The catalogue of somatic mutations in cancer, short COSMIC , hosts various sets of consensus signatures that have been found during analysis of the aggregation of multiple datasets from distinct types of human cancer [4, 5]. Some of these mutational signatures have been linked to environmental factors, like tobacco smoking or UV-light and the constituting DNA repair-mechanisms [3, 6], others have been associated with intrinsic processes such as defective DNA mismatch repair [7, 8]. The detection of these signatures in a tumor sample can thus yield helpful insights about the cancer’s aetiology  for diagnosis, prevention  and therapy .
Different frameworks have been proposed to mathematically decipher whether provided reference signatures are present in sequencing data from a single patient and how much they each contributed to its mutational load [11, 12]. Following Alexandrov et al. , the mutations are defined as the 6 single nucleotide variants (C >A:G >T, C >G:G >C, C >T:G >A, T >A:A >T, T >C:A >G & T >G:A >C) flanked by one nucleotide on each side. The tri-nucleotide formed by the mutated nucleotide and its two neighbours is called the context of the mutation. Mathematically, the mutational profile derived from sample data (mutational catalogue), can be expressed as vector m of K=96 somatic mutation frequencies that have been observed in the cancer sample. Mutational signatures are described by a matrix P which elements Pkn reflect the frequency with which the mutational process corresponding to the nth signature causes the kth mutational feature . As the exposure of a mutational profile to a signature represents the signature’s contribution to the mutational load of the former, exposures to a set of processes can be inferred from a mutational catalogue by minimizing the difference between the observed & reconstructed catalogues:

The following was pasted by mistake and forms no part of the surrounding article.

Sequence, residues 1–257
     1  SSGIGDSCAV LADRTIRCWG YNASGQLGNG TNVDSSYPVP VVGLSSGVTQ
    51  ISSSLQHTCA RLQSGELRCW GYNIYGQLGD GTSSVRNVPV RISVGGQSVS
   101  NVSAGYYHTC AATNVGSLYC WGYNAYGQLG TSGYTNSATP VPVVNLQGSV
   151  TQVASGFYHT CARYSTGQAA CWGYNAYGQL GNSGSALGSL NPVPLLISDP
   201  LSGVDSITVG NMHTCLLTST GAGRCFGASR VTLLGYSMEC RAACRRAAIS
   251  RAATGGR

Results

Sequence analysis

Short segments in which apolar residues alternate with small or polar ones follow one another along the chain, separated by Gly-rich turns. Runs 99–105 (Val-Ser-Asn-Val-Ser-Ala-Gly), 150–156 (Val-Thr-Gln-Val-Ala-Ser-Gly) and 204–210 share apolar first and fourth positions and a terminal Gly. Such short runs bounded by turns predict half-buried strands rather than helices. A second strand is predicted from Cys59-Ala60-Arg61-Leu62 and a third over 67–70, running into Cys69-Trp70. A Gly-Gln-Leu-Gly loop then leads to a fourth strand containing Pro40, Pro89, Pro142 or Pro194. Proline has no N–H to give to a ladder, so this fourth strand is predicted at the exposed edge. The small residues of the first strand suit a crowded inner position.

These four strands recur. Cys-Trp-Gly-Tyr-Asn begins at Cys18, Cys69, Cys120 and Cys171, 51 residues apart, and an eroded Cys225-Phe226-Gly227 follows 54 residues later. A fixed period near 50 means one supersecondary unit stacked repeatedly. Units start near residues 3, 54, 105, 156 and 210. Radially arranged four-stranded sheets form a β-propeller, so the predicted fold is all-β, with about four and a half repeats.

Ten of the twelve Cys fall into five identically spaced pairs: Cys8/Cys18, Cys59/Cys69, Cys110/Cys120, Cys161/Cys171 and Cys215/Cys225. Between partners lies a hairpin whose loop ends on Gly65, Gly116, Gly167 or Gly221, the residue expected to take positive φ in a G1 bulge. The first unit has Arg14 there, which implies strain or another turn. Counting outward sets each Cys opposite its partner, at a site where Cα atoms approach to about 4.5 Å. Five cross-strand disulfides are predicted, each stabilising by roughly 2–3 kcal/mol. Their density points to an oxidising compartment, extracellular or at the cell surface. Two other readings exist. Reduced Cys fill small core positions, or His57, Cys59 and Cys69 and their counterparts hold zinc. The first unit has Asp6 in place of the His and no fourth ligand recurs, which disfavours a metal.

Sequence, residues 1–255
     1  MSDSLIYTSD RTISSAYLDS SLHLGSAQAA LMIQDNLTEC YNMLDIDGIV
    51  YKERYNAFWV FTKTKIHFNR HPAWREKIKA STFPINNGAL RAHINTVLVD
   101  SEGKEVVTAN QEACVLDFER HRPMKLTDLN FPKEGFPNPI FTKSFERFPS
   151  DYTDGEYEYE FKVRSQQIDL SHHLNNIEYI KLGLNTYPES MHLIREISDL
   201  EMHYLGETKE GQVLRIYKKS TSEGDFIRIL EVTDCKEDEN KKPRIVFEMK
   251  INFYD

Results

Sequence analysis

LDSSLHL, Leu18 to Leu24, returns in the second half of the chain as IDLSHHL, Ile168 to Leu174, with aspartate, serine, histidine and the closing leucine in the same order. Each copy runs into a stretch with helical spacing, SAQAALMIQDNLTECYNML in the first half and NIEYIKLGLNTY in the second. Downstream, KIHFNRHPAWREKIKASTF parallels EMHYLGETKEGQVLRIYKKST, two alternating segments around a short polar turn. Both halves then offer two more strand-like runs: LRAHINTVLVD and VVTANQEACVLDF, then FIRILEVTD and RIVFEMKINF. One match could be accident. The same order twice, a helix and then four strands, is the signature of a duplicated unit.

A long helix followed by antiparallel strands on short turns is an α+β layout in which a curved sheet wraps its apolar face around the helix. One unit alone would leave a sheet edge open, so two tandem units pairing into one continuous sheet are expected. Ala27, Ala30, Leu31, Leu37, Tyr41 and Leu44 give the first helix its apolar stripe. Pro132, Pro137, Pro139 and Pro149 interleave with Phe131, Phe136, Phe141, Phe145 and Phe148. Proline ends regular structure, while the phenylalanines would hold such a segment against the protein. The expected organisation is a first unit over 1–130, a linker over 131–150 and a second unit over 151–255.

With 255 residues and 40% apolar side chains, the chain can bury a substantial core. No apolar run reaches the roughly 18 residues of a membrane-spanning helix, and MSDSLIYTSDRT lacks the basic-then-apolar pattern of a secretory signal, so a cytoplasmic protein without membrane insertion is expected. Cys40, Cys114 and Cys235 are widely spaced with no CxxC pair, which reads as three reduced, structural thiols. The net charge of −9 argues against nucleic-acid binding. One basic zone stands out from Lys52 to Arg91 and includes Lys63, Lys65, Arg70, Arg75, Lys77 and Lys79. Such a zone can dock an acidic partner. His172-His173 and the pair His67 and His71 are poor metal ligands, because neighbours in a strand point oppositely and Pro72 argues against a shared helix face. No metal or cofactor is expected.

The reconstructed catalogue Pe is the product between the mutational profiles matrix P and the exposure vector e, when individual exposures en are restricted to non-negative values. This formalism assumes that different processes have additive contributions to the mutational load.